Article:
Limitation: The study has not investigated whether the retained knowledge would be transferrable to clinical practice in participants.

Intravenous Ketorolac Dosing in Renal Colic

Take-home point: 10 mg of intravenous ketorolac seems equally efficacious when compared with 20 mg and 30 mg for patients with renal colic.

Citation: Eidinejad L, Bahreini M, Ahmadi A, et al. Comparison of intravenous ketorolac at three doses for treating renal colic in the emergency department: a non-inferiority randomized controlled trial. Acad Emerg Med. December 28, 2020. [Epub ahead of print]

Relevance: Ketorolac, the most widely used NSAID analgesic, has multiple serious known adverse effects. Therefore, a better understanding of the minimum effective dose is important for patient safety.

Study summary: This was a prospective, randomized noninferiority trial comparing the IV administration of ketorolac at doses of 10 mg, 20 mg, and 30 mg for the treatment of pain associated with renal colic in 165 patients at three EDs in Iran. The authors assessed for change in pain at 30 minutes post administration of ketorolac. There was no statistical difference in the improvement in pain or duration of pain relief. The most common side effect was nausea and vomiting. This occurred, somewhat surprisingly, with equal frequency across the groups. Headache was the next most common acute adverse reaction and occurred most frequently at doses of 30 mg.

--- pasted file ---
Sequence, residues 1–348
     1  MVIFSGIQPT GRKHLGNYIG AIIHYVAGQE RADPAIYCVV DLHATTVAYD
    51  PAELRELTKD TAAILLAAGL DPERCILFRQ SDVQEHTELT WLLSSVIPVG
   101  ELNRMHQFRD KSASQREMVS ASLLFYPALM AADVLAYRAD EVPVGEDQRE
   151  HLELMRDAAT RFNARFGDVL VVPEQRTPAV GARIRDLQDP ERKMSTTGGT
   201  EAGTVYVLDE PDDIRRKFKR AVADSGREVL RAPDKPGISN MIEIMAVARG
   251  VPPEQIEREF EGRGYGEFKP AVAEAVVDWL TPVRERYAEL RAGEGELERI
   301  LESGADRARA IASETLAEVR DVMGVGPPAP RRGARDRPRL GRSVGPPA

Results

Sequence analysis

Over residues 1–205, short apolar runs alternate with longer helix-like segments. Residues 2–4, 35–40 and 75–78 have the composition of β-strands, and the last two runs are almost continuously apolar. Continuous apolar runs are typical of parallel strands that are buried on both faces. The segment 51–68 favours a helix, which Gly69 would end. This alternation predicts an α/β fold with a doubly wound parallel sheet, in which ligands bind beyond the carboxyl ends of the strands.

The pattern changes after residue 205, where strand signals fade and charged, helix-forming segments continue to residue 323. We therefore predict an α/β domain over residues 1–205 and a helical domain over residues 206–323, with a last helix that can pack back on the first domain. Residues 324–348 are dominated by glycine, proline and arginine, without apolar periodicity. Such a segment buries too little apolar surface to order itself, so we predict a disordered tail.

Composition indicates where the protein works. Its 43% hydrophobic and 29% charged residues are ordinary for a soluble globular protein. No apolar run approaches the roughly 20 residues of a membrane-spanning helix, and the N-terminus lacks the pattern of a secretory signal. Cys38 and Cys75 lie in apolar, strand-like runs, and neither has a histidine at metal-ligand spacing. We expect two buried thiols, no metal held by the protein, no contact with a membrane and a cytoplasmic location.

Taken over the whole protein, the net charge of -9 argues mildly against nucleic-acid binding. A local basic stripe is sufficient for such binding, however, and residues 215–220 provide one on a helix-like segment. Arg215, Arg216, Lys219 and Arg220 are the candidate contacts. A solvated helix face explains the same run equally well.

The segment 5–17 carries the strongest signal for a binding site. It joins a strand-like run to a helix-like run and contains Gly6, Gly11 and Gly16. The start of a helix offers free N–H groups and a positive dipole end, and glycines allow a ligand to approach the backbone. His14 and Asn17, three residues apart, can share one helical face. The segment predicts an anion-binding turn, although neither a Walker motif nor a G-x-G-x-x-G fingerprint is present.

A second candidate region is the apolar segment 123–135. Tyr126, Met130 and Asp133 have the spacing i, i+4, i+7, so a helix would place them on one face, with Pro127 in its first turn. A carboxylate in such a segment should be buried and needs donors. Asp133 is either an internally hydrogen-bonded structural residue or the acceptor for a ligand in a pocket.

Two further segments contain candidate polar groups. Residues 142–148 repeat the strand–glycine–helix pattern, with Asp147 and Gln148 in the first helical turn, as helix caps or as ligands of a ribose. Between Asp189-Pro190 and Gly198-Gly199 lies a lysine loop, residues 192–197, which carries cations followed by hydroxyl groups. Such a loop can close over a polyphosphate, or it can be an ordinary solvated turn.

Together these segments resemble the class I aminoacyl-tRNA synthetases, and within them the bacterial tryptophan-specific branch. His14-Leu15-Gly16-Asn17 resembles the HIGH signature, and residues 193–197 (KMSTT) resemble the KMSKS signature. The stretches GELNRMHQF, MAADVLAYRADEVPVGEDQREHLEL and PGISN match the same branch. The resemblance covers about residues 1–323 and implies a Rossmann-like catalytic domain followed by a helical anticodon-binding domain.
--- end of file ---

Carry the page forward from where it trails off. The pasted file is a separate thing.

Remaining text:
Limitation: The recruitment of patients was done based on the availability of the investigators, potentially introducing selection bias. The study was conducted in Iran, which may affect generalizability.

Treatment of Torus Distal Radius Fractures

Take-home point: Torus fractures of the distal radius can be treated safely with removable splints.

Citation: Perry D, Gibson P, Roland D, et al. What level of immobilisation is necessary for treatment of Torus (buckle) fractures of the distal radius in children? BMJ. 2021;372:m4862.

Relevance: Torus fractures are common in children. Full immobilization, previously the standard of care, carries with it risk of discomfort and potentially unnecessary activity restriction.